And the Sea Tiger summed up: "They come and go—those in the front row of the 4th Estate—with little more recognition than the occasional by-line. But they do the job."

It's a rare on-the-spot tribute to the men and women reporting the confused and dangerous fighting in Southeast Asia, reporting that has become so commonplace on radio and television that Americans take it for granted.

But we like the tribute which the Marine newspaper unconsciously paid to its Leatherneck readers in Vietnam, when the editorial concluded: "So smile! Men, you're on cameras...and in newsreels, documentaries, newspapers, magazines, books and radio..." That's the way the Marines tell it.

This is Bill Downs in Washington.

March 25, 2016

1968. The Tet Betrayal

Crisis in the Far East
"Secretary of State Dean Rusk, President Lyndon B. Johnson, and Secretary of Defense Robert McNamara at a meeting in the Cabinet Room of the White House," February 9, 1968 (source)
Bill Downs

ABC News

February 18, 1968

Official Washington has been just as worried as the rest of the nation that the United States might be confronted with a two-front land war in the Far East. Since last month's hijacking of the USS Pueblo, the possibility of renewed fighting in Korea has caused some sleepless nights in this national capital.

It now seems pretty clear that the North Korean capture of the Pueblo and her eighty-three man crew fits into a larger strategic pattern which the Communist regimes of Pyongyang and Hanoi are employing.

It would appear to be what the think tanks call a "scenario"—a carefully contrived series of diplomatic, military, propaganda, and psychological warfare moves all designed to achieve victory.

For example, ever since the South Korean government sent some 48,000 troops to fight alongside the US forces in South Vietnam, the North Korean Communists have gradually increased their infiltration into the Southern Republic. Their harassment along the 17th parallel truce line has also intensified. The Korean Communists climaxed these provocations last month by sending a suicide squad of more than thirty commandos to assassinate South Korean President Chung-hee Park in the capital of Seoul. It now appears that the would-be assassination was timed to coincide with the North Korean seizure of the USS Pueblo.

As you know, the Pyongyang Communists failed in their assassination plot. They did succeed, however, in grabbing off the Pueblo—a crisis that is still hanging fire.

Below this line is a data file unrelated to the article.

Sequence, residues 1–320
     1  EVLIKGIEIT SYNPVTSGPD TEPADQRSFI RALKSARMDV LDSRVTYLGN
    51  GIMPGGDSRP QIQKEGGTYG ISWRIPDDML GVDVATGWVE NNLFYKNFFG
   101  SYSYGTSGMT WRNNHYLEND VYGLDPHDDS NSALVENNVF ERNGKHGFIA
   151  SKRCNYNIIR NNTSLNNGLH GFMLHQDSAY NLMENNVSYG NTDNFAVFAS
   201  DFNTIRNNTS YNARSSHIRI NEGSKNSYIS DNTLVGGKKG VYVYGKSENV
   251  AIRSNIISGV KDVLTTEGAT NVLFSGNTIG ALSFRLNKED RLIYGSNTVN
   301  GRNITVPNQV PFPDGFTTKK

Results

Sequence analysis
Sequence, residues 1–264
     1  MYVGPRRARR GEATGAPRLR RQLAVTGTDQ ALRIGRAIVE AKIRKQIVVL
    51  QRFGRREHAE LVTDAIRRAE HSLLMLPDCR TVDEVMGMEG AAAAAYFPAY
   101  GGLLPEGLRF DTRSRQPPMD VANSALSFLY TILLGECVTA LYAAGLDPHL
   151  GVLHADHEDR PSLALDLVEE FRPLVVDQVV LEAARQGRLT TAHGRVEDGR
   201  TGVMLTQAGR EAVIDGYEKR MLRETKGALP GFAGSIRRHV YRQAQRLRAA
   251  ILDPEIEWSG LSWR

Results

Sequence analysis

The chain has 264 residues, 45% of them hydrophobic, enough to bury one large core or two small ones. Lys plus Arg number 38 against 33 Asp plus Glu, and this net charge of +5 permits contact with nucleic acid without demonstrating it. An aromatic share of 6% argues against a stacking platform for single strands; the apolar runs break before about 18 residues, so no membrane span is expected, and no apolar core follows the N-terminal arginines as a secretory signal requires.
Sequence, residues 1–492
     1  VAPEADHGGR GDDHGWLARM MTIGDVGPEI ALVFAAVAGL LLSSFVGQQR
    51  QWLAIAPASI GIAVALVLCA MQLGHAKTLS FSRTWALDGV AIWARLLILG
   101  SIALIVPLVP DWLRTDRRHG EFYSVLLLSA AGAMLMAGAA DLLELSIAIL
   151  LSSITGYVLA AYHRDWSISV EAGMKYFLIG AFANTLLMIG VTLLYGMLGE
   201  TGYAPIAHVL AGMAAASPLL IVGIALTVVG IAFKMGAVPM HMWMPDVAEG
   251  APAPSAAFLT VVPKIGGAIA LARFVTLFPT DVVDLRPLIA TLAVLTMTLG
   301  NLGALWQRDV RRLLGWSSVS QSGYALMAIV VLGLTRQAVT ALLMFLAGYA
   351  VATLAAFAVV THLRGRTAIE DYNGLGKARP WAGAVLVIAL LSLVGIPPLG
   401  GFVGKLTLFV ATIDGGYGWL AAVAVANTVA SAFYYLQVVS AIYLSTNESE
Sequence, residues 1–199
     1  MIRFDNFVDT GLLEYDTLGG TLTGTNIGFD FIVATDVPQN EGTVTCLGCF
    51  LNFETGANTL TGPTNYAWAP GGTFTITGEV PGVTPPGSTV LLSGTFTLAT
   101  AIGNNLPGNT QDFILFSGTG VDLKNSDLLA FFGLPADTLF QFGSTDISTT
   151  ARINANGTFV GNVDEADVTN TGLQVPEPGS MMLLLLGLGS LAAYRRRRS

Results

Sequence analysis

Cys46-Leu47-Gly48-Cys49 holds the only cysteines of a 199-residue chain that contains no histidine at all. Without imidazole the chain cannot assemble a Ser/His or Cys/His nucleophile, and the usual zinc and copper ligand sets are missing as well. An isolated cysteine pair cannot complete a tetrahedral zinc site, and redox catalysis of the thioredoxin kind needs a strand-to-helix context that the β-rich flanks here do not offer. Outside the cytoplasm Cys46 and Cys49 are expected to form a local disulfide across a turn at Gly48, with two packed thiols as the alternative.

While all this was going on in Korea, Ho Chi Minh and his Hanoi Communists were playing a more subtle diplomatic game.

Last week, Washington finally released a six month old top secret that, since last August, the United States has directly and indirectly been in secret contact with Hanoi, trying to arrange a halt in the bombing of North Vietnam as a step toward general deescalation and negotiations for a settlement of the conflict. In fact, since early January, the US actually restricted its Navy and Air Force bombers from military targets close to Hanoi and Haiphong—notifying the Communist leaders there of this voluntary restraint as evidence of American sincerity and desire for peace talks.

As late as three weeks ago, an unnamed foreign diplomat was in Hanoi acting as a special envoy for President Johnson. But while these talks were going on, the North Vietnamese and their Viet Cong allies demonstrated their attitude toward Washington's peace efforts by launching the countrywide guerrilla attack on South Vietnam's cities and towns during the Buddhist New Year's holiday.

Although no one in Washington or Saigon has yet to admit it, the fact that that the go-between diplomatic talks in Hanoi and elsewhere coincided with Communist pledges of a ceasefire and temporary truce during the Tet holidays must have affected the state of alert in the Allied garrisons in the South. The Saigon generals gave holiday leave to many of their troops. Thus the shock and surprise attained by the guerrilla offensive. The statement now emerging at the White House and the State Department is evidence of the official outrage and disappointment at such chicanery.

Part of the reason for this bitterness is that, for the past six months, President Johnson, Secretary of State Rusk, Defense Secretary McNamara, and other government leaders have taken personal and political lambasting from their critics, both hawks and doves. On the one hand, they have been condemned as barbarians and murderers by the antiwar extremists for not seeking the road to peace, which they were secretly doing at the time. On the other hand, they were blasted by the hawks and super-patriots for not wiping Hanoi and Haiphong off the map, but in the interest of getting peace negotiations underway, the administration could not conduct any escalation. Thus did President Johnson find himself in a domestic political whipsaw.